Miami Somehow Has Only Seventh-Worst Traffic in America

Next time you're sitting in gridlock on the Palmetto Expressway or spending a half-hour to drive four blocks on South Beach during rush hour, console yourself with the fact that six other metro areas in the United States have worse traffic. 

Does that relieve you? As your grip slowly tightens on your steering wheel and you're about to shout expletives at everyone within a mile, you can just take a deep breath and think, Well, at least I'm not in San Francisco

Look on the bright side. It could be slightly, slightly worse. 

The rankings come from GPS navigation company TomTom. The company's devices log congestion levels and travel times into a historical traffic database. Every year, those numbers, along with data provided by the company's partners, are used in the Traffic Index Ratings.

Miami comes in as seventh-worst in the nation. It has held that rank the past few years despite the fact that traffic here continues to worsen. 

Miamians spend about 28 percent more time sitting in traffic thanks to road overcongestion. That's actually up 1 percent from last year, and traffic has slowly grown worse year after year. In 2008, the first year TomTom kept data, the level was only 18 percent.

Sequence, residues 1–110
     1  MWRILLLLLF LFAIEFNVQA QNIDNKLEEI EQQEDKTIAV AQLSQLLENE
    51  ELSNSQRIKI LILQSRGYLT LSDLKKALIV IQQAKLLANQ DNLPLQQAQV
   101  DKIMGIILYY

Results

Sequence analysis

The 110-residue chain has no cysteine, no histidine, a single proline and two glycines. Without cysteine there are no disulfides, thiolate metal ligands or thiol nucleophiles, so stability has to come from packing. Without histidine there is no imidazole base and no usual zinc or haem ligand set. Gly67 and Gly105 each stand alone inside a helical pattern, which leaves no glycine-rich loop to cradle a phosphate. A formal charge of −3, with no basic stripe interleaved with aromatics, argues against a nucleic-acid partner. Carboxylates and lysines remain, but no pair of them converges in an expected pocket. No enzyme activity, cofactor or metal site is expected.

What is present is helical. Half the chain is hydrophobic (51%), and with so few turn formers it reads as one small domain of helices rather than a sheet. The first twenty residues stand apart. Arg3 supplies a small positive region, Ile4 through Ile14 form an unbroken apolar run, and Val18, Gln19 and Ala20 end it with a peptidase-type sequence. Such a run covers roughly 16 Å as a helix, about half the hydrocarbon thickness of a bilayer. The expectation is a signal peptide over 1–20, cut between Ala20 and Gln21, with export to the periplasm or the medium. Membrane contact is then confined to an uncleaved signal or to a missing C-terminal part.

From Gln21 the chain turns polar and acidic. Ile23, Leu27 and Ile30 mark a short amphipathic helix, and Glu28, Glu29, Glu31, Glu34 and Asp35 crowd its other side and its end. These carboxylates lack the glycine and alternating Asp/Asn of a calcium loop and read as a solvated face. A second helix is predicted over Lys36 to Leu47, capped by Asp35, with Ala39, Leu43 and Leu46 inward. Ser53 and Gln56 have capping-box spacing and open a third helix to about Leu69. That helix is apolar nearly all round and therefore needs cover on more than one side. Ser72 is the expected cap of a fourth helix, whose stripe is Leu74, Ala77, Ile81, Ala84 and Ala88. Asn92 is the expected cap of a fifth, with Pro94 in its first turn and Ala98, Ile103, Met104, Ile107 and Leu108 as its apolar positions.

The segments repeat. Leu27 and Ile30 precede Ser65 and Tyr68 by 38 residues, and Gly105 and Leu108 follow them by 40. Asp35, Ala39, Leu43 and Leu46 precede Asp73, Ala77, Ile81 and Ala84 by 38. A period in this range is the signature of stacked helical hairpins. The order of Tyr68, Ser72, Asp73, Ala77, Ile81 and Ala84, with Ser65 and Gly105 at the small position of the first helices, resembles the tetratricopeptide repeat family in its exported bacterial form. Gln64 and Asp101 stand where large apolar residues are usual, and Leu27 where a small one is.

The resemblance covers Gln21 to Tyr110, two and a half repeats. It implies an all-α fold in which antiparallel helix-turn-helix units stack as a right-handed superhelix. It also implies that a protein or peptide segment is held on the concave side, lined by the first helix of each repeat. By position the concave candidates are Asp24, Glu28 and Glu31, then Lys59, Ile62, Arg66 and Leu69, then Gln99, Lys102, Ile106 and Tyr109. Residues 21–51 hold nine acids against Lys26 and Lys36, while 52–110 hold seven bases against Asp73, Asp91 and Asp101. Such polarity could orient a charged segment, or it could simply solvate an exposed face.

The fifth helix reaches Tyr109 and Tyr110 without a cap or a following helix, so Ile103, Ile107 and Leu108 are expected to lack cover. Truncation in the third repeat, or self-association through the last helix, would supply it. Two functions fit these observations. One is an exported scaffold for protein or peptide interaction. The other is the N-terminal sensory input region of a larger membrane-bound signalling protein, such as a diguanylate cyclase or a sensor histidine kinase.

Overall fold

Regular roads have worse congestion than highways. Travel time on regular roads has increased by 36 percent because of congestion, compared to 16 percent on highways. 

All in all, that works out to about 33 minutes extra in the car per day for the average Miamian. That doesn't seem that bad. But it translates to 125 hours a year. 

Oh, TomTom also provided the worse day for traffic in 2015. It was Thursday, December 3. Yes, that was during Art Basel. 

At least we're not in Los Angeles, where people spend an extra 41 percent increase of time in cars due to traffic, or San Francisco, where there's a 36 percent increase. 

New York, Seattle, San Jose, and Honolulu also have traffic that's worse than Miami's. 

See? It all could be so much worse. Just remember that fact the next time you want to rear-end the car in front of you out of spite and frustration. 

Of course, if you really want to escape traffic, you could move to Knoxville, Tennessee — the least-congested city in America. But who would want to do that? 
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Kyle Munzenrieder